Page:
How Do You Fix A Whining Noise When Accelerating?

Several factors can cause whining noise from the transmission. Therefore, there are several steps to fix it. Here are the steps to fix the transmission whine.

Check transmission fluid level

When you notice a whining noise from your transmission, check the fluid level and ensure it is on the right gauge. If it is below the recommended gauge, top the transmission with the right fluid type.

Clean or replace the transmission filter

The transmission filter serves filtration purposes. It filters the fluid before getting into the oil pump. Over time, the dirt and debris that the filter prevents from getting into the oil pump will clog it.

The second step to take in case of whining noise from the transmission is to check the filter on an automatic transmission. The transmission filter is located inside the crankcase. Drain the transmission fluid with a sizable wrench. After that, unbolt the crankcase.

Once the crankcase is out, check if there are metal shavings. Also, check if there is debris or particles on the tranny filter.

If you find debris on the filter, unbolt the bolts holding it. Wash it with a solvent or gasoline and allow it to dry. If the filter is blocked, you may replace it. After that, reinstall it following the reverse process.

Contact your mechanic

Since the transmission is a complex vehicle component, it requires an experienced auto mechanic to do further diagnostics and repairs. Contact your mechanic to diagnose and fix the underlying issues.

On manual transmissions, the mechanic may have to replace the defective throw-out bearings, worn clutch pressure plate, and disc. In most cases, replacing these components will fix the whining noise.

On automatic transmissions, Further diagnoses and repairs will require dropping the transmission and disassembling it to access faulty components.

If you hear a grinding noise from your automatic tranny, read this detailed article on the causes and solutions of automatic transmission grinding noise when put in gear.


Q: Is a whining transmission bad?

Generally, a whining transmission is bad. It shows an underlying tranny component issue that needs attention. If the whining increases in reverse, you have a restricted transmission fluid passage.

A clogged transmission fluid passage can be extremely detrimental to the tranny unit. On an automatic transmission, if the whining noise increases when driving, it’s likely you have a failed torque converter.

Q: Can low transmission fluid cause whine noise?

Low transmission fluid can cause whining noise in both manual and automatic transmissions. If the fluid is too low, the entire transmission components suffer poor lubrication. It becomes obvious when the gear is engaged.

Here, the whining noise you’re hearing is friction between moving internal metal components.

Q: Can a transmission make a humming noise?

Defective or malfunctioning transmission components will emit several troubling and disturbing noises. In automatic tranny, you’ll hear buzzing, grinding, whining, or humming sounds. Defective manual transmissions may make aggressive clucking sounds.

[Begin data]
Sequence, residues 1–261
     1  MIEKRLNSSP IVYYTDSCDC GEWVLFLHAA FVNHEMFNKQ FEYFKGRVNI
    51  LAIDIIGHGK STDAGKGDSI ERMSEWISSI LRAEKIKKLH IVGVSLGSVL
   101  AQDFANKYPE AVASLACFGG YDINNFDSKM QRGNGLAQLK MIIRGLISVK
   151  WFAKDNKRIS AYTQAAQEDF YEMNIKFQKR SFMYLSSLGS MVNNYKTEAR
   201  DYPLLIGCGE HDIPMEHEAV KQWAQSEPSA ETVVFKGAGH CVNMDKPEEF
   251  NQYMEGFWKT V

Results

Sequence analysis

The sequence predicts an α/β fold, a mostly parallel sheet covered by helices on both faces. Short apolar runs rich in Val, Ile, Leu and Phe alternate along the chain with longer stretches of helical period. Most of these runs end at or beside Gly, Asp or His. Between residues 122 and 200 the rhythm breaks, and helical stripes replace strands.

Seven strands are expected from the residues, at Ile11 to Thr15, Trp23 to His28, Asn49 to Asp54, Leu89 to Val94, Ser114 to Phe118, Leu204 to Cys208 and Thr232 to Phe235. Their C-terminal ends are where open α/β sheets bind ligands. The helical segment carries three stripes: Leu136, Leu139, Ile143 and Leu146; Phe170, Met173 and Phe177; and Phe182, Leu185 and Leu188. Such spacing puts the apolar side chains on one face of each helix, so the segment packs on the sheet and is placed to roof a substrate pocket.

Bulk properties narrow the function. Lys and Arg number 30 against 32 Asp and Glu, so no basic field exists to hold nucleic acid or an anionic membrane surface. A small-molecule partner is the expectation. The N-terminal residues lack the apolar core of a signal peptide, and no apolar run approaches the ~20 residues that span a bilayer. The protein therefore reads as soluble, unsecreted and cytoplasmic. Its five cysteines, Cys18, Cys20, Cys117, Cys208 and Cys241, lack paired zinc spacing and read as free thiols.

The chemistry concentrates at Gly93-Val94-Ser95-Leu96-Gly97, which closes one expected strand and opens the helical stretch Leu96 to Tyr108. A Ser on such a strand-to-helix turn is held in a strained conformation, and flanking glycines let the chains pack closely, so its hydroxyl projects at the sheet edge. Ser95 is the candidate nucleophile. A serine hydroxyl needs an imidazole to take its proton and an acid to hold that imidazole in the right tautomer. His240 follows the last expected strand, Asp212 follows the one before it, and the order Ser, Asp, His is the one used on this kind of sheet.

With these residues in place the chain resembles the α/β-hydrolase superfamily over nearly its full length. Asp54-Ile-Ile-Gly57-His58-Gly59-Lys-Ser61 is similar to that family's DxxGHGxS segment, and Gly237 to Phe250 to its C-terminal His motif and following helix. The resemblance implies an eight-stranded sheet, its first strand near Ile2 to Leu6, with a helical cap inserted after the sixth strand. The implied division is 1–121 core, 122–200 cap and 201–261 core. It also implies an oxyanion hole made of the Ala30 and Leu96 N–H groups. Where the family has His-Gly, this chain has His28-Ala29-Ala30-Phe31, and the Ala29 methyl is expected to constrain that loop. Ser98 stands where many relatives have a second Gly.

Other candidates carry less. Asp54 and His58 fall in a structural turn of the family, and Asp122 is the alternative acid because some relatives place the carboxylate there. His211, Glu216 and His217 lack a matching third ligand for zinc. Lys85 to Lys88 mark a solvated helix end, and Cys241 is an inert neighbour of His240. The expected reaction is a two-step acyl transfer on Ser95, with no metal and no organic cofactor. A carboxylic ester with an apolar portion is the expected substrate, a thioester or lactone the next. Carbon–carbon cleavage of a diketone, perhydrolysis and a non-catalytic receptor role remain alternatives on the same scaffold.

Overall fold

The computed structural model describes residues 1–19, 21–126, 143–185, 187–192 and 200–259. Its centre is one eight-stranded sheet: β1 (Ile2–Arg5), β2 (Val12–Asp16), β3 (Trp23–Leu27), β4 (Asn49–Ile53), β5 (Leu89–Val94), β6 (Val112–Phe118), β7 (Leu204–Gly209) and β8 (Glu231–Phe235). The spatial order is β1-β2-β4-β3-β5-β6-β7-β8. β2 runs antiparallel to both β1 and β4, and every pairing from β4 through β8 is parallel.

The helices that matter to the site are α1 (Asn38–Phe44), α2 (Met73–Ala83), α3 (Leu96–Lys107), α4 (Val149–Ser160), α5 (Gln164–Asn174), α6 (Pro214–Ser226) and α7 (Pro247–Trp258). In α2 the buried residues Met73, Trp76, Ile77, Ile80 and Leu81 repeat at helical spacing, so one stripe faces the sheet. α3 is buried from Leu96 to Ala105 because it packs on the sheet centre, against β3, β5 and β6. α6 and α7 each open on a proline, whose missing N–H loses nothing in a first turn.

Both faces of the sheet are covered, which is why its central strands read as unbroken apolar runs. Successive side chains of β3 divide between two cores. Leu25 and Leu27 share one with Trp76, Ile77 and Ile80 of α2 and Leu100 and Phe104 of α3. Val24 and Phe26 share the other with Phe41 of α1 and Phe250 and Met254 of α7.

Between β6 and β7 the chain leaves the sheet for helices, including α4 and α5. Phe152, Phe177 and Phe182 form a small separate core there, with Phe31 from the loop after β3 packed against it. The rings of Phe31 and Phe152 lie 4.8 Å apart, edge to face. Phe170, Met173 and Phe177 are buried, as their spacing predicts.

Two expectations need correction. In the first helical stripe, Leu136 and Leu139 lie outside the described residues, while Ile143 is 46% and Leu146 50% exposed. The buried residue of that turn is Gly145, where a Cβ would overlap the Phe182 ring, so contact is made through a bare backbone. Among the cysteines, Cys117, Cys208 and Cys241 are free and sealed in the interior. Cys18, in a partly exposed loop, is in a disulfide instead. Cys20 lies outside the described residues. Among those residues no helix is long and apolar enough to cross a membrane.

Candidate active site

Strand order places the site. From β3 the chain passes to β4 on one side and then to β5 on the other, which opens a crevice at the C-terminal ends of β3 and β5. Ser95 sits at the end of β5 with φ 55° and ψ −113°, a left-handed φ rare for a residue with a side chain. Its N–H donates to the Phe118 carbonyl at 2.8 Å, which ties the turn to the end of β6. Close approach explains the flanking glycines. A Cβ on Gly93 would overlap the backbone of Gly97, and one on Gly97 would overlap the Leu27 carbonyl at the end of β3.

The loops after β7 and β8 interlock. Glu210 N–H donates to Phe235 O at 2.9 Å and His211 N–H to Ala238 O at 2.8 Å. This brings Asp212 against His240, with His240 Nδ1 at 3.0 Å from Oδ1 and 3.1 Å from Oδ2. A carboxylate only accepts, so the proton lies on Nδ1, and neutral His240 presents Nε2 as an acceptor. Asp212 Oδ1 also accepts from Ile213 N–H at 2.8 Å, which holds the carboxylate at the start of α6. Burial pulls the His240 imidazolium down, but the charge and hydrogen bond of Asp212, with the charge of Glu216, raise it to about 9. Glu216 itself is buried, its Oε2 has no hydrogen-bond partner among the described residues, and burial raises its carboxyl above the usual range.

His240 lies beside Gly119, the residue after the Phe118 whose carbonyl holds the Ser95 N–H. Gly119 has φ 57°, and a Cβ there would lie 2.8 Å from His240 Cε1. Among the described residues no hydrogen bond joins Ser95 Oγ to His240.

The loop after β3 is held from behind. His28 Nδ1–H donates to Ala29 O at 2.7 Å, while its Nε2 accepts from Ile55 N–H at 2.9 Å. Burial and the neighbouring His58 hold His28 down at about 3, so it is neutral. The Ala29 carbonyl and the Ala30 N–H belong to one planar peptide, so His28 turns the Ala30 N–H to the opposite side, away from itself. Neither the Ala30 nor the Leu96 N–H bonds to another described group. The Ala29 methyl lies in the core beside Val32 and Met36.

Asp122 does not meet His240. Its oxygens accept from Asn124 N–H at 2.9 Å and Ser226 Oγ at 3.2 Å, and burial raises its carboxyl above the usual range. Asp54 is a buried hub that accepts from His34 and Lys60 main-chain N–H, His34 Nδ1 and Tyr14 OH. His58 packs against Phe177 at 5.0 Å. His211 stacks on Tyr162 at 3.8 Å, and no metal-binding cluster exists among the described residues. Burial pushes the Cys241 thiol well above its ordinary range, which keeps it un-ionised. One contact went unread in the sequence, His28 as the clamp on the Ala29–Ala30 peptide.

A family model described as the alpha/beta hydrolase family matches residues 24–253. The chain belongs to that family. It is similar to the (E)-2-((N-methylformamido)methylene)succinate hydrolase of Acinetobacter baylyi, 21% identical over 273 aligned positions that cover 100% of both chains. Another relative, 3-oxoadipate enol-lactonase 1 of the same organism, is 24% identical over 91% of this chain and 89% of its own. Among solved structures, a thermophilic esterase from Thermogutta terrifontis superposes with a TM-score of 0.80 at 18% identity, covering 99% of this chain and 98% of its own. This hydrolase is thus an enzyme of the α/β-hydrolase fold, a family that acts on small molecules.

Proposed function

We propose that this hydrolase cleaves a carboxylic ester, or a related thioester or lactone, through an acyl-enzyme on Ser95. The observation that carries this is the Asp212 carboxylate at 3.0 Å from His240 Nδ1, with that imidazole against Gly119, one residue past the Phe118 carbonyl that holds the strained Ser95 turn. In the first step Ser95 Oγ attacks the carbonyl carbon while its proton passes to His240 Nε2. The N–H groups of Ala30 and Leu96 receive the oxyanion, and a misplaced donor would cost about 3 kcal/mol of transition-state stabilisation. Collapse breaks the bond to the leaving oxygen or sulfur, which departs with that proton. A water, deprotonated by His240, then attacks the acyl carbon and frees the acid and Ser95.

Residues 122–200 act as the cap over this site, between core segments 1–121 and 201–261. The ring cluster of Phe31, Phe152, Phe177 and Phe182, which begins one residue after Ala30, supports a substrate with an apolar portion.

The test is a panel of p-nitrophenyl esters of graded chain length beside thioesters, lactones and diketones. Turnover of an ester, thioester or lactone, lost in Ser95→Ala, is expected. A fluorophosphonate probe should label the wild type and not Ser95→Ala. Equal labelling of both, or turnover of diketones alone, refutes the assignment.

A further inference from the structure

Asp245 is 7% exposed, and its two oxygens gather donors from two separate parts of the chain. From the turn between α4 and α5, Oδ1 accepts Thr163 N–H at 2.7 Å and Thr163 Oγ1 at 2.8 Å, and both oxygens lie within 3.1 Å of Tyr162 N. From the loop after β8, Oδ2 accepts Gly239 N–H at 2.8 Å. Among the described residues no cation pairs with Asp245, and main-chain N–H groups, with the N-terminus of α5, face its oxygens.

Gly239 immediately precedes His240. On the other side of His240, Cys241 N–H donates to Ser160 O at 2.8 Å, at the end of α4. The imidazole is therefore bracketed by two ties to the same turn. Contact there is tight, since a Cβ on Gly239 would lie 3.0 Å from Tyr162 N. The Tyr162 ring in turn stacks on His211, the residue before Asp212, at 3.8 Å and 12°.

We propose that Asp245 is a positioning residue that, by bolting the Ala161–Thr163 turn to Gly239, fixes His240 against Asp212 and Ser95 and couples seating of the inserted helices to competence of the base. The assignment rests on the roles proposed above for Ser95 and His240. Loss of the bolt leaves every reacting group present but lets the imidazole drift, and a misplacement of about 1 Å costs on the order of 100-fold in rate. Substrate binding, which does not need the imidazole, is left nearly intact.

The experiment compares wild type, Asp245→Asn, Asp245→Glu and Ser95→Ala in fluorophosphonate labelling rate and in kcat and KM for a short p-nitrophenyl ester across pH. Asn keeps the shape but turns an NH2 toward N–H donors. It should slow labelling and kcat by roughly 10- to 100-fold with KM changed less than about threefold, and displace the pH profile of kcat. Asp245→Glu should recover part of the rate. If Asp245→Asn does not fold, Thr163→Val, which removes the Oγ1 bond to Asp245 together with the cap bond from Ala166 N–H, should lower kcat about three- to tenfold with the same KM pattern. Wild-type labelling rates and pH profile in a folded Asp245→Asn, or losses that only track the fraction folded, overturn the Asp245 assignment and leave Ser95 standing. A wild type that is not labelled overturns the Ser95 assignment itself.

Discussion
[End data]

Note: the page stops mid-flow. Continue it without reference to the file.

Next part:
Q: Will a transmission whine in the park?

The transmission pump distributes tranny fluids to every nook and cranny part of the transmission, and it is driven directly from the engine. This means the transmission pump starts working when you turn on the engine.

Therefore, a faulty transmission pump will whine in all gears, including park and neutral. A restricted transmission fluid passage will also whine in all gears.

Q: Can a torque converter make a whining noise?

When a torque converter fails, it’ll emit several noises. At initials, it’ll make a whining sound like a power steering pump with low fluid. A torque converter houses a stator with a series of clutches in its assembly.

If the stator goes bad, the clutches will make rattling noises. It’ll make these noises both in the park and in gear. However, the noise will intensify as you put the tranny in gear.

Q: Is it normal for transmission to whine?

Some vehicle transmissions make a little whining sound under normal operation. Depending on your vehicle make and model, a little whining sound from the transmission could be completely normal. However, you should know your transmission sound to avoid confusing a fault with a normal operational sound.

Final words

Transmission whining noise when accelerating shows underlying transmission issues that need urgent attention. However, on some transmissions, little whining noise can be normal. You don’t need to take any action in such a case.

We have outlined the causes of transmission whining noises and the solutions to rectify them. If you’re hearing a whining noise from your transmission, you can get your hands dirty or contact a professional mechanic.

Osuagwu Solomon

Osuagwu Solomon is a certified mechanic with over a decade of experience in the mechanic garage, and he has over five years of experience in the writing industry. He started writing automotive articles to share his garage experience with car enthusiasts and armature mechanics. If he is not in the garage fixing challenging mechanical problems, he is writing automotive repair guides, buyer’s guides, and car and tools comparisons.